We have all heard the saying: “If you want to go fast, go alone, if you want to go far, go together.”
Although its original namesake does not include Latinx, making a distinction between Hispanic and Latinx communities is important to recognize during National Hispanic and Latinx Heritage Month because they are not one in the same.
Hispanic refers to people who have ancestry in or are from a Spanish-speaking country, whereas Latinx refers to people who have ancestry in or are from a Latin American country.
Hispanic Heritage Month was first held in 1968 as Hispanic Heritage Week under President Lyndon Johnson. In August 1988, President Ronald Reagan expanded the observance to cover 30 days starting on September 15th and ending on October 15th.
While other cultural observance months start on the first of the month, there is a reason this one does not: the timing of Hispanic Heritage Month reflects the diversity within the U.S. Hispanic population.
September 15th is significant because it is the anniversary of independence for several Latin American countries, including Costa Rica, El Salvador, Guatemala, Honduras, and Nicaragua. Mexico and Chile celebrate their independence days on September 16th and September 18th, respectively. Additionally, many Latin and Spanish-speaking countries commemorate their indigenous people by celebrating Día de la Raza on October 12th, which also falls within these 30 days.
We encourage you to learn more and share the history of what our nation celebrates today as National Hispanic and Latinx Heritage Month including these 10 Inspiring Latinas who have made significant contributions to society!
A Playlist En Celebración of Hispanic Heritage Month
Through October 15
Seattle Symphony, 200 University St, Seattle, WA
Join the Seattle Symphony in celebrating National Hispanic Heritage Month by offering thanks to Hispanic communities in Seattle—and around the world—for an expansive array of contributions to classical music that enrich our sonic landscape and infuse inspiration from a wealth of heritages and Indigenous traditions!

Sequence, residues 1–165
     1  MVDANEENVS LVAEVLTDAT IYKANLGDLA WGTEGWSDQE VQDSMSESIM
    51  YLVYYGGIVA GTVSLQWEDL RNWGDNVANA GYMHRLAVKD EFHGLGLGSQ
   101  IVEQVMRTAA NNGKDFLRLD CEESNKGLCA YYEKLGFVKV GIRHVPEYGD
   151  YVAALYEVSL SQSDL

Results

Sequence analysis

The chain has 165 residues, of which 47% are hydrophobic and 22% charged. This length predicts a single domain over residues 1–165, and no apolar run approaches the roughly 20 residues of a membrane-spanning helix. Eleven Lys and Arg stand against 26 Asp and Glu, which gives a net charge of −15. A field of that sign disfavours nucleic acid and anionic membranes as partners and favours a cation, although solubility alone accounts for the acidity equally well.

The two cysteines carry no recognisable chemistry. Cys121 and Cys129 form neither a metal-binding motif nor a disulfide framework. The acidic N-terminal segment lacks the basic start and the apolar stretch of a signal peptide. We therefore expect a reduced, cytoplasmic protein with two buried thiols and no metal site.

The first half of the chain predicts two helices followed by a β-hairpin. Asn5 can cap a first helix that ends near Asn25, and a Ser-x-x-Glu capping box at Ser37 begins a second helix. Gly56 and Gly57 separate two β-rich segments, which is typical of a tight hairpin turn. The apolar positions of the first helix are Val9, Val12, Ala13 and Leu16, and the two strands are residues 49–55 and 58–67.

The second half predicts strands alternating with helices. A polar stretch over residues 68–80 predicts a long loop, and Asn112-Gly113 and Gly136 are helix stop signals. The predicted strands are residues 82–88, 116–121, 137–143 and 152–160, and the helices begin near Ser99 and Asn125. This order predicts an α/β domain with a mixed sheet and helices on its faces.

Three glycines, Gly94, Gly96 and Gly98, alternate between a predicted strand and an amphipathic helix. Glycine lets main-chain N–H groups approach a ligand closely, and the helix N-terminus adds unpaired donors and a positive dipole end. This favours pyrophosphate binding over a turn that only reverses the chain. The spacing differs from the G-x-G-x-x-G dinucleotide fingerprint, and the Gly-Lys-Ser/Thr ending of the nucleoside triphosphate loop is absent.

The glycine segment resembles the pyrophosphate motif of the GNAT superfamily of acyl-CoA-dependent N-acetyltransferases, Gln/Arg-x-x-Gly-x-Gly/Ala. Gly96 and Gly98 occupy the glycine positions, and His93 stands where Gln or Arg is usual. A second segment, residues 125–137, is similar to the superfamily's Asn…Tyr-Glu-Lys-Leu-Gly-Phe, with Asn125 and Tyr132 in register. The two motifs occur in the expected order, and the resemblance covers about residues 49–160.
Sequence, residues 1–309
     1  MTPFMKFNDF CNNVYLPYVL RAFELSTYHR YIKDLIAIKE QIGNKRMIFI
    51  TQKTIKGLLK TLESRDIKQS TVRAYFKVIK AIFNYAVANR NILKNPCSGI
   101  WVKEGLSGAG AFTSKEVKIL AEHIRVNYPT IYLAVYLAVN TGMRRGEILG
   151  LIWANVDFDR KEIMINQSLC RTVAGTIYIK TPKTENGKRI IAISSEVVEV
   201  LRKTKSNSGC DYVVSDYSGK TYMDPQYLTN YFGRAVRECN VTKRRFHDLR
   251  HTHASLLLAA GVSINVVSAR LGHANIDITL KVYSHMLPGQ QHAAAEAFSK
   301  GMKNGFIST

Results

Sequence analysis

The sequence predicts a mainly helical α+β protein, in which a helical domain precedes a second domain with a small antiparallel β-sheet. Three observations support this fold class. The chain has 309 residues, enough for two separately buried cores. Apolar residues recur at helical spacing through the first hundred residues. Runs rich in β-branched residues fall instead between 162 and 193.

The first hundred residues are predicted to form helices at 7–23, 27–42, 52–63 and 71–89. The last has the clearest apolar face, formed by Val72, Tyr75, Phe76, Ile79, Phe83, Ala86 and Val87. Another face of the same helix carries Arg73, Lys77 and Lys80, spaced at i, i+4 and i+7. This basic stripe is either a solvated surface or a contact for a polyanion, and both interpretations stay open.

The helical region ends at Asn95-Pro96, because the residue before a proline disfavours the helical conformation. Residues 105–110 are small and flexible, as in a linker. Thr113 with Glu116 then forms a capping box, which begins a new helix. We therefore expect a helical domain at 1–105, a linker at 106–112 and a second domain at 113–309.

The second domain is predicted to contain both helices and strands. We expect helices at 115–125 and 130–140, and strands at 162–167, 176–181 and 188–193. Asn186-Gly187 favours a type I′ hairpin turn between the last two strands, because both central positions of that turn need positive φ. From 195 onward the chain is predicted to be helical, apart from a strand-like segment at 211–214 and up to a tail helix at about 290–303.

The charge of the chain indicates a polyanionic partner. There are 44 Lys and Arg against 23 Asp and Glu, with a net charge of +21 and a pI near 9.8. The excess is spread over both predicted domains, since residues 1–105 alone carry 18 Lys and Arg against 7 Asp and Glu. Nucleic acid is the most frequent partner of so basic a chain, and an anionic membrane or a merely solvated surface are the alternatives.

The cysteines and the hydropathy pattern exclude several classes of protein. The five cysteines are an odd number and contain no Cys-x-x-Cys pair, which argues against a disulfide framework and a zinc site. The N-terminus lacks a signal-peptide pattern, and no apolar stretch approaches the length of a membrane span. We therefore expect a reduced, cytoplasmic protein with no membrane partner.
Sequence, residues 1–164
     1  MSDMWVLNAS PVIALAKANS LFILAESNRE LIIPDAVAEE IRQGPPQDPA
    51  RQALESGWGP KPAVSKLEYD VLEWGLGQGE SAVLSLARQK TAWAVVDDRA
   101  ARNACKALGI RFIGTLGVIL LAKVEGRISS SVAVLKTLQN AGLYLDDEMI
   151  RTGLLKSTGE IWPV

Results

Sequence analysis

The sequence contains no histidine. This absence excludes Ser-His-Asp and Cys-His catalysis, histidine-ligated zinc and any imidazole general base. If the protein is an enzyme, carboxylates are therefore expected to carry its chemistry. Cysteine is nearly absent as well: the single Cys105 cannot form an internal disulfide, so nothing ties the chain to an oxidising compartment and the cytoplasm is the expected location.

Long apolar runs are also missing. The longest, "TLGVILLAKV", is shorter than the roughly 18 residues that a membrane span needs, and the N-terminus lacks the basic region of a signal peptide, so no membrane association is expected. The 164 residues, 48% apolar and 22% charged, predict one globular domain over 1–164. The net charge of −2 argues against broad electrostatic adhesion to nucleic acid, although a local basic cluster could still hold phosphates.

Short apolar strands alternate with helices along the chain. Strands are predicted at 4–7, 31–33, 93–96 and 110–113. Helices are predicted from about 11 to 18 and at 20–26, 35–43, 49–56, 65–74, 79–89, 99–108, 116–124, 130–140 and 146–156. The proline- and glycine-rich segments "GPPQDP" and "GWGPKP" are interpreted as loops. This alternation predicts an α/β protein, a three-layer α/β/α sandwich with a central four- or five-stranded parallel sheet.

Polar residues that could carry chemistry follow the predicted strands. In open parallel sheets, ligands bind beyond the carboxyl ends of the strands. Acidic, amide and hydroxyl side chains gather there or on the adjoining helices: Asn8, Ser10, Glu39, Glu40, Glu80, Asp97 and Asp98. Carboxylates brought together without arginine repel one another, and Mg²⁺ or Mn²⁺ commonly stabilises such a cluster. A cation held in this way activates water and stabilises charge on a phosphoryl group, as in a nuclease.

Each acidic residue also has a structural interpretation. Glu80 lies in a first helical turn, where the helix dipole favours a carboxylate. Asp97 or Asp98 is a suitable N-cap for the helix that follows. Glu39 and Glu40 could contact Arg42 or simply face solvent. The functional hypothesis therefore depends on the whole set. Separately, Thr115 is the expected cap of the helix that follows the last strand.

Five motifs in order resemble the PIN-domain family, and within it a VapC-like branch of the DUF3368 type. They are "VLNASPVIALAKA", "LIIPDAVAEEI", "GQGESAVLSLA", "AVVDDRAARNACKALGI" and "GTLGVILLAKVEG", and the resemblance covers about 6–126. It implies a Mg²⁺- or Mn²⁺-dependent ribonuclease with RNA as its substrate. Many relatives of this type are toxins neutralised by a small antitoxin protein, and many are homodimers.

MEXAM Northwest Festival
Friday, September 8 – Friday, October 15
Various locations, Seattle, WA
MEXAM celebrates its 7th year in Seattle recognizing Mexican and Mexican-American Cultures. Enjoy family-friendly events including dance, poetry, and concerts at this collective endeavor to celebrate the profound relationship between Hispanic heritage and the U.S.
Hispanic and Latinx Heritage Month at the YMCA of Greater Seattle
Friday, September 15 – Sunday, October 15
Hispanic and Latinx Heritage Month. It’s a time to celebrate the communities, cultures, and contributions of so many people, and there’s no shortage of ways to do that in and around Seattle. Entertainment? Yes! And a great chance to broaden your understanding. In this list of family-friendly events, you’ll find opportunities to meet educators, filmmakers, and artists to learn directly from them!
¡VAMOS AL ACUARIO!
Domingo, 1 de octubre @9:30a – 5:00p (PT)
Seattle Aquarium, 1483 Alaskan Way, Pier 59
¡Únete a nosotros cuando le damos la bienvenida a los miembros de la comunidad hispana! Explora los hábitats del acuario y disfruta de una variedad de actividades temáticas, así como de charlas con interpretación en español. Horario completo por venir.
Thursday, October 6 at 7:30p (PT)
Meany Center for the Performing Arts, Seattle, WA
In Mexico: A Musical Journey, the group explores connections in Mexican visual art, history, and culture through the music of six iconic composers, alongside a narrated multimedia presentation of paintings ranging from Frida Kahlo and Diego Rivera to today!
Seattle Latino Film Festival
Saturday, October 7 – Saturday, October 14
Various locations, Seattle, WA
Seattle Latino Film Festival presents its 15th Annual Edition bringing audiences and filmmakers together for an educational experience and to support the magic of film-making as part of Hispanic and Romance Language Cinema globally!
Igniting Change, Rising Together: Nurturing Intersectional Belonging, Inclusion, and Healing For A Better World
Tuesday, October 10
(IN-PERSON) – Gates Foundation Discovery Center @5:30p (PT), 440 5th Ave N, Seattle, WA